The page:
Then several hundred thousand later, some theorize, a second wave of more sophisticated tool-using humans migrated out of [Afrika] and overwhelmed those earlier ancestors. According to that theory, ‘modern humans are the descends solely from those especially sophisticated tool-users’.”African Star Over Asia: The Black Presence in the East by Runoko Rashidi (p. 19) | Holts. op. cit.
I agree with both theories stated above. That an earlier, more “primitive” ancestor migrated out of Afrika before the Homo sapiens (us). Some years later, our ancestors (Homo sapiens) migrated out of Afrika and populated the world we know today. Or, as Dr. Clarke says, our ancestors got sophisticated enough to “take their show on the road,” and by doing so, introduced the first wave of consciousnesses to a world that was very much uncivilized.
This means that Afrika, as mentioned before, is the mother of all humanity, making any so-called aboriginals of this world Afrikan by ancestry.
“You can’t hate the roots of the tree without ending up hating the tree. You can’t hate your origin without ending up hating yourself. You can’t hate the land, your motherland, the place that you come from, and we can’t hate Africa without ending up hating ourselves.”Malcolm X
Below are a few resources from my IG that shed more light on who the “original man” was as well as our history in the Americas.
Myth: Afrikan-Americans Have No Ancestral Claim to the Ancient Civilizations of the Nile Valley
A few months ago, I had a follower suggest that we shouldn’t claim the ancient Kemities (Egyptians) and Kushites as our ancestors even though they were “Black” primarily because they were located in Northeast Afrika. Whereas most of our ancestors were stolen from West and Northwest Afrika.
That’s when it hit me that not a lot of people know about the cultural migration patterns that came out of ancient Kemet and Nubia (Kush) as our ancestors realized all their knowledge would be in jeopardy of being destroyed with the onslaught of foreign invasions.
The same ancient knowledge and wisdom that made Kemet, and Kush what they were, was the same knowledge and wisdom that ended up throughout various Afrikan kingdoms and Nations. From the spiritual teachings found in the Yoruba to the astrolatry and spiritual concepts of the Dogon, or the matriarchal and kingship patterns found in the Ghana, Mali, and Songhai empires, the cultural unity throughout Afrika is crystal clear.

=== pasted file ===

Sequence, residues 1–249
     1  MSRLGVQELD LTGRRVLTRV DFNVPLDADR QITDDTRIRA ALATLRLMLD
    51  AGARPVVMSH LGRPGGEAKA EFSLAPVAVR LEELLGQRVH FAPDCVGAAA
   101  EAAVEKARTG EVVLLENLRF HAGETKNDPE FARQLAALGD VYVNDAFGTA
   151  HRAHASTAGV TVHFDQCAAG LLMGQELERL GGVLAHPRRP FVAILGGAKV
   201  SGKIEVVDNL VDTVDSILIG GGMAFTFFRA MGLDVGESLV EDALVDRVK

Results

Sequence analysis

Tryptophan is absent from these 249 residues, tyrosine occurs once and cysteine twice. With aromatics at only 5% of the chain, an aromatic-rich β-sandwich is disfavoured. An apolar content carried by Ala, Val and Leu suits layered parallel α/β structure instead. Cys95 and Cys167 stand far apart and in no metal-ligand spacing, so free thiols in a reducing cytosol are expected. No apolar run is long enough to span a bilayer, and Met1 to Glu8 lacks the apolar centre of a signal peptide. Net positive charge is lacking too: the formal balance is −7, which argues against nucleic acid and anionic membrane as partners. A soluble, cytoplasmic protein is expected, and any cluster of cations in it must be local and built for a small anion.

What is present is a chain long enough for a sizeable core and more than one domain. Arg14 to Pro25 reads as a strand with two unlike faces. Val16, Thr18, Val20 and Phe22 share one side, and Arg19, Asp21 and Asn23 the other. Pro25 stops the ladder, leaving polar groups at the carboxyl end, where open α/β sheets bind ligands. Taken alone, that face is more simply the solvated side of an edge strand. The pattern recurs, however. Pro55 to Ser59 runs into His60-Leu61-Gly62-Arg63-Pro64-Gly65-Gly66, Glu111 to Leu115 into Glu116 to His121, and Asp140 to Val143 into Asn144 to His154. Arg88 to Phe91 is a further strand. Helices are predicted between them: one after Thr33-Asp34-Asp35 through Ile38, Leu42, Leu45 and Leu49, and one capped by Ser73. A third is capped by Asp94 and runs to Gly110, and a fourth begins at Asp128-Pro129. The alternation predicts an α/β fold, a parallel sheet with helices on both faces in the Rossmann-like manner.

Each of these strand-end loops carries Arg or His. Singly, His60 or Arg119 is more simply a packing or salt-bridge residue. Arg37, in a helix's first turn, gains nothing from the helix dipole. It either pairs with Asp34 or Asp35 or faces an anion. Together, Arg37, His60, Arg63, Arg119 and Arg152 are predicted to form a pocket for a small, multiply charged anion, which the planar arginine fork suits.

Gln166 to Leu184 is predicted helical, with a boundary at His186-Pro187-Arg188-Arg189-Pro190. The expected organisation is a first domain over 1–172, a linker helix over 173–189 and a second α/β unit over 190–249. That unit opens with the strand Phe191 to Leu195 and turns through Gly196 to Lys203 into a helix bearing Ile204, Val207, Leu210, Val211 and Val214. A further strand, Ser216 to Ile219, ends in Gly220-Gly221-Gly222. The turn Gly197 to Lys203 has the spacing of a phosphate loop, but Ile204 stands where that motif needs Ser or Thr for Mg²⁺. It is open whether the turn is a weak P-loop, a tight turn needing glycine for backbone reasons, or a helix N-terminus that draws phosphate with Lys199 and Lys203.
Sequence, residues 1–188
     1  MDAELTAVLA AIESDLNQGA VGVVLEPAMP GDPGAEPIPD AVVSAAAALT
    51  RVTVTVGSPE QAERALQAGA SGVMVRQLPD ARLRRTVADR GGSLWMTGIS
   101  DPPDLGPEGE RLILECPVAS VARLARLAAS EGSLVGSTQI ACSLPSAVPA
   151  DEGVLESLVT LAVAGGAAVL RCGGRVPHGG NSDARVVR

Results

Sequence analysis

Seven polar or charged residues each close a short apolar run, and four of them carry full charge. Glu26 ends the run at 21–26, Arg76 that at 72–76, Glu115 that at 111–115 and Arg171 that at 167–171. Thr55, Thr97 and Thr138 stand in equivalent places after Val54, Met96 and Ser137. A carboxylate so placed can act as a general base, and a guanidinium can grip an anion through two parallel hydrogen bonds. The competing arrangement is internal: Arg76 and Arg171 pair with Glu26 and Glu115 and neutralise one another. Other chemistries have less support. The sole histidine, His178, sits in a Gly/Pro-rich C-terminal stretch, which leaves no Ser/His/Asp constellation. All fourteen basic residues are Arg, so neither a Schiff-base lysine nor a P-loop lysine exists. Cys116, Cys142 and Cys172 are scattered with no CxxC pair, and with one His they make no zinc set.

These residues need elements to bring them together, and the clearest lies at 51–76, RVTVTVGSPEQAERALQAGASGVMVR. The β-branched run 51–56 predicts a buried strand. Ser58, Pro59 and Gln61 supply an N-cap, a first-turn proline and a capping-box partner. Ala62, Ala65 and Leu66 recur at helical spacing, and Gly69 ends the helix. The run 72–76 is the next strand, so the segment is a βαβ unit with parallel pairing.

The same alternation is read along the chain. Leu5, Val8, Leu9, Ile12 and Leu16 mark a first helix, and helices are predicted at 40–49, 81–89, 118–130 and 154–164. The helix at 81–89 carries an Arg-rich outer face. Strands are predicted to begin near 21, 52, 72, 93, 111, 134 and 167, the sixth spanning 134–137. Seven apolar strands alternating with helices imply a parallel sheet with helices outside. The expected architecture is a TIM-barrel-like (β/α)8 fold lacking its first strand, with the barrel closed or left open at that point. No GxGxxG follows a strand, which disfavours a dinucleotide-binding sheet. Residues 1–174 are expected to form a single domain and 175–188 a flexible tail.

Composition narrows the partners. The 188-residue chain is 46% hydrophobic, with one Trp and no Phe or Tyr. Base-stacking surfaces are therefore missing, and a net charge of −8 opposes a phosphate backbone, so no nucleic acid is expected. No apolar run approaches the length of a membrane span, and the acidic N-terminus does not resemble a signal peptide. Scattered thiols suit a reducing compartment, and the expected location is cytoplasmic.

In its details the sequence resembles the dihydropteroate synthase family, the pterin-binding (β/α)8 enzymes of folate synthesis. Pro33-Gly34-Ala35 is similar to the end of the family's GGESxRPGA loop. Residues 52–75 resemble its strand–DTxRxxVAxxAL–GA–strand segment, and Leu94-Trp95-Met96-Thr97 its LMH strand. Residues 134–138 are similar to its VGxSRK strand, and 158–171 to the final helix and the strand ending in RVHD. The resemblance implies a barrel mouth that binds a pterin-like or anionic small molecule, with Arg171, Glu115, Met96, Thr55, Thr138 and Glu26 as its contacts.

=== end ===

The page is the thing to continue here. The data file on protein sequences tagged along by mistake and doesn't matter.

More information on the matter can be found on my IG. 😉
Myth: Afrikan-Americans “Black People” do not do for self. AKA Welfare Kings and Queens
This has to be the most dangerous myth we uphold on my list. To help prime the waters, check out this clip below to see how this myth is commonly applied in our community.
Although I commend the brother for doing work to help uplift our community, it’s harmful to give life to this idea that Afrikan-Americans don’t already “do for self.” Afrikan-Americans have been doing for themselves since the mf Mafaa. How the fuck do you think we made it this far?
If this brother were aware of his history, he would’ve known this. He would’ve known about the Maroons (Koromanti), who put their foot in their enslavers asses and established their own community. A community that would provide shelter for those who escaped the whip.
As much as this brother’s ignorance enrages me, I can’t hold him solely to blame. Mainly because of what has happened, not only to destroy gains towards “Black” liberation but also to cover up what was done.
There have been countless times when our ancestors have “provided for self” or “lifted themselves up by their own bootstraps,” only to be met with senseless violence and bloodshed. From Tunis Campbell’s Afrikan colony in Saint Catherines Island to Black Wall Street, to Marcus Garvey’s Pan-Afrikanism movement, to the NOI’s self-help programs, to even the Black Panther Parties universal breakfast program, whenever our people start to turn to themselves, this country makes it their goal to put an end to it by any means necessary.
Myth: “Crabs in a barrel” Mentality
I’m sure you all have heard of this phrase before, but in an effort to make sure we’re all on the same page and have a shared definition of things, let me quickly explain what the so-called “crabs in a barrel mentality” is.
Crab mentality, also known as crabs in a bucket (also barrel, basket, or pot) mentality, is a way of thinking best described by the phrase “if I can’t have it, neither can you.” The saying is derived from a pattern of behavior noted in crabs when trapped in a bucket. While anyone crab could easily escape, its efforts will be undermined by others, ensuring the group’s collective demise.
This so-called mentality is oftentimes projected onto the Black community, mainly in an attempt to blame the community itself for its shortcomings. This bullshit might also sound like, “other ethnic groups have come to America, and faced hardships are were able to make something for themselves… Why can’t Black people?” Again, this bullshit strategically overlooks what has been done and continues to be done to the Black community to keep it in its current state of despair.
It’s basically victim-blaming…
Instead of examining the crabs’ mentality in a hostile environment, how about we turn our attention to the mfs who put them outside of their natural environment in the first place.
Myth: “Reverse Racism“